Press Release

Expanded Wood Fiber for High-Performance Solid-State Paper Batteries

UMD research group invented the first high-performance solid-state paper batteries by a new molecular scale engineering method.


Katie Holland
301 405 0379

press release image

High-performance solid-state Li-ion conductor enabled by using natural abundant cellulose and opening cellulose molecular channels.

Reported in Nature on October 20, a team has put a new spin on ion conductors, which are critical for solid-state batteries. The team arranged copper (Cu) ions with cellulose nano-fibrils (CNFs) – tiny, thread-like tubes, mechanically derived from trees – to open the molecular channels for smoother, more efficient ion conduction.

The team, led by Liangbing Hu - a Herbert Rabin Distinguished Professor in the University of Maryland (UMD) Department of Materials Science and Engineering (MSE) and the founding director of Center for Materials Innovation (CMI) – soaked CNFs in a copper-alkaline solution to enable Cu-CNF coordination. They then inserted lithium ions to the material by soaking it in an electrolyte, which produced a Li-Cu-CNF ion conductor.

"By incorporating copper with one-dimensional cellulose nanofibrils, we demonstrated that the opening of molecular channels within the normally ion-insulating cellulose offers a speedier lithium-ion transport within the polymer chains," said Hu. "In fact, we found this ion conductor achieved a record high ionic conductivity among all solid polymer electrolytes, 10-100 times higher than other polymer electrolytes."

In addition to the high conductivity, this Li-Cu-CNF electrolyte offers high transference number and a wide electrochemical stability window (up to 4.5 volts), and can be applied to lithium-metal anodes and high-voltage cathodes.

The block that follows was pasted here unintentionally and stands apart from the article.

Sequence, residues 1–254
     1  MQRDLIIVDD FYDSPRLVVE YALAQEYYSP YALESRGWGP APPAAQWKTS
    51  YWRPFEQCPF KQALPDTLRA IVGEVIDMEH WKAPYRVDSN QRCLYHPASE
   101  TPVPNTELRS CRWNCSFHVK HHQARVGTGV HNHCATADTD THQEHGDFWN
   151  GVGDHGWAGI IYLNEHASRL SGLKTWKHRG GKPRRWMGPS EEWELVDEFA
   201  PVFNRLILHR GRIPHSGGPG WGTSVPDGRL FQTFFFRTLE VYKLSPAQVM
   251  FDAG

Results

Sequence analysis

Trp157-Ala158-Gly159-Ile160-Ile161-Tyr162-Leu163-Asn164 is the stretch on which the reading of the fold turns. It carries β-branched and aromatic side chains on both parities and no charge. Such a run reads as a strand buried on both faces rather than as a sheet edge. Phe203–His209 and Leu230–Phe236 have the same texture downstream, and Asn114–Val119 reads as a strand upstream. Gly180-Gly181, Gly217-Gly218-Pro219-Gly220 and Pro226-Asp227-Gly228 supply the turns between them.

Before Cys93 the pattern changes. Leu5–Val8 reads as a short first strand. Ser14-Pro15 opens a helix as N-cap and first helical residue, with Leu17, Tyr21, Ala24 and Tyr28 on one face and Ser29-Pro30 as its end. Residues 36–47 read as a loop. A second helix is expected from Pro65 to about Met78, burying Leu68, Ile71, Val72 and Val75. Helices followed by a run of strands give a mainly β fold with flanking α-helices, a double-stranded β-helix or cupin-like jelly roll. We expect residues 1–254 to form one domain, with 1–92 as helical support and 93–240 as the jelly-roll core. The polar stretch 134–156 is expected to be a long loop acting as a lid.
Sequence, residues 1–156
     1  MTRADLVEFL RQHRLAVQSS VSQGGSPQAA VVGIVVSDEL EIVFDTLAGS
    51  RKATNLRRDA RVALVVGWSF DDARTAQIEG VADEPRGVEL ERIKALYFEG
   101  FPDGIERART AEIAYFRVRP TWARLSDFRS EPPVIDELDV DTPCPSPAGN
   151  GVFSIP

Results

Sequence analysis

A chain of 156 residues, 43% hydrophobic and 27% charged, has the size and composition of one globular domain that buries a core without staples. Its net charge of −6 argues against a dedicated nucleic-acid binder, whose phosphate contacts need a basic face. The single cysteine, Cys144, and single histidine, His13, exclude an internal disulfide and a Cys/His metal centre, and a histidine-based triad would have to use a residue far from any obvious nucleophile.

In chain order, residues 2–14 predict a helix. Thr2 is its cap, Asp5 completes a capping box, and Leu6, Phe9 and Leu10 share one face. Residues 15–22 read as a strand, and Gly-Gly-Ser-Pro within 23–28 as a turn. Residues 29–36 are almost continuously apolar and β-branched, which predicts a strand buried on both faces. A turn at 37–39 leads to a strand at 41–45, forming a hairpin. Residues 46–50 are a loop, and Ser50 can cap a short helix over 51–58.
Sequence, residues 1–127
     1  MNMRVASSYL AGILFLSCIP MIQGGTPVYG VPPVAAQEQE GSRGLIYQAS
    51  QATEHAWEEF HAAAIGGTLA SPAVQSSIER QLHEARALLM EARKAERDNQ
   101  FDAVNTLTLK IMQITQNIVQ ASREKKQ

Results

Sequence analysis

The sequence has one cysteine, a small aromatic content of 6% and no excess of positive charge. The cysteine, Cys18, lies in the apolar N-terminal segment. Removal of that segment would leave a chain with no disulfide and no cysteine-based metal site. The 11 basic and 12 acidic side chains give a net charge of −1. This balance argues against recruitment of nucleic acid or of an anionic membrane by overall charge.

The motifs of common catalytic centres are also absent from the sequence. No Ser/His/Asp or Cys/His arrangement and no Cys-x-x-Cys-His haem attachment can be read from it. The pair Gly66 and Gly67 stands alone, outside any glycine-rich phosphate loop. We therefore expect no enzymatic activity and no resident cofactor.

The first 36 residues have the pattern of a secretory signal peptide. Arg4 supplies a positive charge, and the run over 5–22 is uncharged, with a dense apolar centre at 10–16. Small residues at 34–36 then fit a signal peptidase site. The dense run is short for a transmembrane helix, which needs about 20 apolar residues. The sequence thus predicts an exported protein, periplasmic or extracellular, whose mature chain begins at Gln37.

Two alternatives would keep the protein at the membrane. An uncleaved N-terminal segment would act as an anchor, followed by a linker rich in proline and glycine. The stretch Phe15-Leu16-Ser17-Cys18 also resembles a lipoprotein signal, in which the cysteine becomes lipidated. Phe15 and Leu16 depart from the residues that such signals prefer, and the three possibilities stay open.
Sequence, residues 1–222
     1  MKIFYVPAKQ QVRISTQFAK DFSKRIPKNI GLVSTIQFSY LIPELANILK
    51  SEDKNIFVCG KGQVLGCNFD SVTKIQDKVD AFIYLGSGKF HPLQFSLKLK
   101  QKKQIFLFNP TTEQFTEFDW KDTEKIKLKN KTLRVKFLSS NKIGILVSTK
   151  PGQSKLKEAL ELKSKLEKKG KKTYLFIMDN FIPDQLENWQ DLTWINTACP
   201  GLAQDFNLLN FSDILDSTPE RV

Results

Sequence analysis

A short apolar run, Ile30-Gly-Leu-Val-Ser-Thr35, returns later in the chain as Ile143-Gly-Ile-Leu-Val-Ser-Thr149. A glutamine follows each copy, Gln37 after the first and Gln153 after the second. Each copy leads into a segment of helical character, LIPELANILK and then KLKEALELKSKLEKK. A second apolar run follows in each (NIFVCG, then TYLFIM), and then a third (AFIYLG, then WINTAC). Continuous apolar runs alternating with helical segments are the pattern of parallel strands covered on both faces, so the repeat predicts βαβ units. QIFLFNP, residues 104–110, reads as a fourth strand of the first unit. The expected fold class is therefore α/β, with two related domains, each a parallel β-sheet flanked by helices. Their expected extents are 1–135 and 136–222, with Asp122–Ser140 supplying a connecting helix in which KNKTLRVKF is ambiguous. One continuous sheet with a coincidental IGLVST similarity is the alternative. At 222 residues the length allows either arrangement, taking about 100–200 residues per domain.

It's easy to assemble, inexpensive and scalable, depending on the size of the battery. Moreover, the material is strong, flexible and eco-friendly.

"Using materials nature provides will reduce the overall impact of battery manufacture to our environment," said Yue Qi, Joan Wernig Sorensen Professor of Engineering at Brown University. "Understanding the process-structure-property relationship is the central theme for materials science research. We used molecular dynamics to track the processing conditions, predict the atomistic structures that are hard to capture by experiments, and sort out the transport mechanisms."

Perhaps more astounding, this molecular scale engineering method provides a general strategy to design solid-state ion conductors, which are applicable in areas beyond batteries, such as electrochemical synaptic devices, solid-state sensors, and redox-controlled information processing and storage.

This study was a collaborative effort between researchers at the University of Maryland, Army Research Laboratory, University of Münster, University of Tokyo, CUNY, Florida State University, University of Delaware and the National Institute of Standards and Technology.  

For additional information:

Yang, C., et al. (20October2021). “Copper-coordinated cellulose ion conductors for solid-state batteries.” Nature, DOI: 10.1038/s41586-021-03885-6

About the A. James Clark School of Engineering

The University of Maryland’s A. James Clark School of Engineering is a premier program, ranked among the top 20 in the world. Located just a few miles from Washington, D.C., the Clark School is at the center of a constellation of high-tech companies and federal laboratories, offering students and faculty access to unique professional opportunities.

Our broad spectrum of academic programs, including the world’s only accredited undergraduate fire protection engineering program, is complemented by a vibrant entrepreneurial ecosystem, early hands-on educational experiences, and participation in national and international competitions.

The Clark School is leading research advancements in aerospace, bioengineering, robotics, nanotechnology, disaster resilience, energy and sustainability, and cybersecurity. From the universal product code to satellite radio, SMS text messaging to the implantable insulin pump, our students, faculty, and alumni are engineering life-changing innovations for millions. Learn more at